I had often heard the phrase, love is not enough. For us I believe it is along with communication, consideration and compromise. It is our love for each other that makes us want everything to work. Neither one of us had a lot of good role models growing up. Aaron and I have often said we’ve had a few bumps on our road. I somehow think it is our bumps that make our relationship stronger. You can use the bumps to learn or ignore them and watch things waste away. We always do our best talking it out and working together.

I don’t know if we taught each other but we believe our three C’s are a fundamental key to our relationship. I won’t say we have never hurt each other, we have. Just like the bumps, one always has the choice of what to do when one of us is hurt. When we know one of us is hurt we try and rectify it as soon as possible. I also try and think more before I speak too often I think after I speak. A friend once told me he could not believe that I had never been punched out. Too often what is on my mind is on my tongue.

I was telling Aaron the other day that when we started our Blog it was filled with funny stories about our antics and idiot things we did when we were younger and or single. I can’t explain it properly but we still do idiot things that we are always laughing about, but somehow they seem like more grown up idiot things.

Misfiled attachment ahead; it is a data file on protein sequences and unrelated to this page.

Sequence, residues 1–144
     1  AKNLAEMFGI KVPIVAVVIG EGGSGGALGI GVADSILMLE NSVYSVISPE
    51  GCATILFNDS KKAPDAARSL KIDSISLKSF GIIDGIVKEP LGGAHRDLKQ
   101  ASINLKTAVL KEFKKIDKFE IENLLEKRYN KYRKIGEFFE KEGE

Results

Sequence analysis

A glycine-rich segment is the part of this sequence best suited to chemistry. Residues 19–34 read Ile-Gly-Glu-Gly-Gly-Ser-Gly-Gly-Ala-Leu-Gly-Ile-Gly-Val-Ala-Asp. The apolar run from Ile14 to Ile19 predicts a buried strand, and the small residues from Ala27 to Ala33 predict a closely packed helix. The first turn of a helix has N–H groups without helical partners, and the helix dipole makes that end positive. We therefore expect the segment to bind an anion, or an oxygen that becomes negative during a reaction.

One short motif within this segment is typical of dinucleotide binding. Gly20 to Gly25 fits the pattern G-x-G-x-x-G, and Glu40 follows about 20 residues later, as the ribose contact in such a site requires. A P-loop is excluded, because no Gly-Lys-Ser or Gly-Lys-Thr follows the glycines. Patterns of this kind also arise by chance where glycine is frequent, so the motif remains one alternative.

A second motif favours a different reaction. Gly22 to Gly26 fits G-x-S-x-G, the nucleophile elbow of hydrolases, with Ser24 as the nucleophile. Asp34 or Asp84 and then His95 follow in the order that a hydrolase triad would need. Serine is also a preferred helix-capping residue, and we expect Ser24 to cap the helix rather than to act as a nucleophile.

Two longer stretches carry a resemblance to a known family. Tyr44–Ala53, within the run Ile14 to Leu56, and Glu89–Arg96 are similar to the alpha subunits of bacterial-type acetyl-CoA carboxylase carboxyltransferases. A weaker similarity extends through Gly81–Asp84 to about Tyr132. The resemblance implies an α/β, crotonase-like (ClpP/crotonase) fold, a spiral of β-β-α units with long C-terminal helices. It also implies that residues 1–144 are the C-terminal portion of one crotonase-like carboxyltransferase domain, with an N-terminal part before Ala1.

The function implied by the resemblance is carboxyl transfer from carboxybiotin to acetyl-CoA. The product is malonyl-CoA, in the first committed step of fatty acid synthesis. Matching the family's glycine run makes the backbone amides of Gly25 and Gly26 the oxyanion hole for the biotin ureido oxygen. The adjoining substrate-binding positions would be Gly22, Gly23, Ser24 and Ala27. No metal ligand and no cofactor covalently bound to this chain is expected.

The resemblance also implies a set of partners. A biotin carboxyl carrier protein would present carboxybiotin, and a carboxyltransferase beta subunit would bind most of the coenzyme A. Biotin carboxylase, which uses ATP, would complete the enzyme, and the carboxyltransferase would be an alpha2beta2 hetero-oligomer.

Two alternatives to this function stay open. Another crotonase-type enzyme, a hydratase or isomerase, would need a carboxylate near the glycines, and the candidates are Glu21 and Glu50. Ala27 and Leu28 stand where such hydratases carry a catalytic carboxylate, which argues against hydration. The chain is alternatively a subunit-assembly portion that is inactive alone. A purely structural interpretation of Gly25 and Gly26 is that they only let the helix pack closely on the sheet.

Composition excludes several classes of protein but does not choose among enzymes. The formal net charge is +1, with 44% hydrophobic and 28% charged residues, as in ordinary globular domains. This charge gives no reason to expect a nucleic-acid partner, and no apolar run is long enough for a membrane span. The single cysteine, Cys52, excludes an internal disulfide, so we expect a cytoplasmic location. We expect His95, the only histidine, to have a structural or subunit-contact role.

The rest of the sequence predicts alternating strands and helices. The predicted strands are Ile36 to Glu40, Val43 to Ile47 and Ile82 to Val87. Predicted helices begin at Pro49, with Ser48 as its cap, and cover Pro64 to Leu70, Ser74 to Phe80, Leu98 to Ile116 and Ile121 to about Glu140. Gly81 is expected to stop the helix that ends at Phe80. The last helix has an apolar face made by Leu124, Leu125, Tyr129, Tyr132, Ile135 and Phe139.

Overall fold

I laugh so much to myself and with Aaron sometimes when I hear us planning for things in the future. Can this be us? This is something else I never thought I would be doing with someone, let alone Aaron. I love hearing Aaron talk about the the things he wants to do and accomplish in life . Although I may have done some of these things before the idea of doing them with Aaron makes them seem fun and exciting all over again.

I have made one discovery that is probably due to our age gap and I do feel bad about it. I hate to think I hold Aaron back. I know sometimes he would like to be out to all hours getting blasted where I might be happier at home. By the same token I am also happy if he wants to be out and I can stay in reading a book or catching up on stuff I want to get done. He is under more pressure than me being at work 8 hours a day. I can also take a disco nap if he allows me. I am pretty sure that is the only age-gap problem I have found in our 3 years together.

Aaron and Mike in the shower

To summarize looking back over the two years of marriage, it has been more wonderful than I could have imagined. Honestly, I have said it before, I never had an idea of what marriage should be. I actually don’t have the words to tell people how happy I am. When friends ask how I am doing, I start to tell them and then I shut up. I can remember times when friends could be telling me everything going on in their lives and I might feel a twinge of envy or think, what's wrong with my life, not my intention. I think the ups you feel in your life are greater when you have experienced your share of downs.

All things have a learning curve and the longer we’re with each other the easier it becomes. (Not that it was ever hard.) I embrace how we have come to know each other. I often feel like we could exchange places and play each other to a tee. It feels like we have been together forever and can do anything except the simple things like keeping a tree alive on our terrace…guess we’ll always be working towards something.